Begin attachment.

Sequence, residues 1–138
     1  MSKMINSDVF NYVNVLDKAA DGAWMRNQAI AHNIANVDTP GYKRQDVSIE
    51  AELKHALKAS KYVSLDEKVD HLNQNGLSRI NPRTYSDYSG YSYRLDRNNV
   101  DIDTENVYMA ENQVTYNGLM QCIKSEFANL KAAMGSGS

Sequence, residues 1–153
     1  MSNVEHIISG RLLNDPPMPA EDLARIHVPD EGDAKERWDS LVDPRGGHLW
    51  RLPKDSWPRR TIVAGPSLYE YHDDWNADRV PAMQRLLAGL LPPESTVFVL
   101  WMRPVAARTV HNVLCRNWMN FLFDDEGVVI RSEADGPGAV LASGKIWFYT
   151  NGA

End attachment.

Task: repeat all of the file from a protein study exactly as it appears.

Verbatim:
Sequence, residues 1–138
     1  MSKMINSDVF NYVNVLDKAA DGAWMRNQAI AHNIANVDTP GYKRQDVSIE
    51  AELKHALKAS KYVSLDEKVD HLNQNGLSRI NPRTYSDYSG YSYRLDRNNV
   101  DIDTENVYMA ENQVTYNGLM QCIKSEFANL KAAMGSGS

Sequence, residues 1–153
     1  MSNVEHIISG RLLNDPPMPA EDLARIHVPD EGDAKERWDS LVDPRGGHLW
    51  RLPKDSWPRR TIVAGPSLYE YHDDWNADRV PAMQRLLAGL LPPESTVFVL
   101  WMRPVAARTV HNVLCRNWMN FLFDDEGVVI RSEADGPGAV LASGKIWFYT
   151  NGA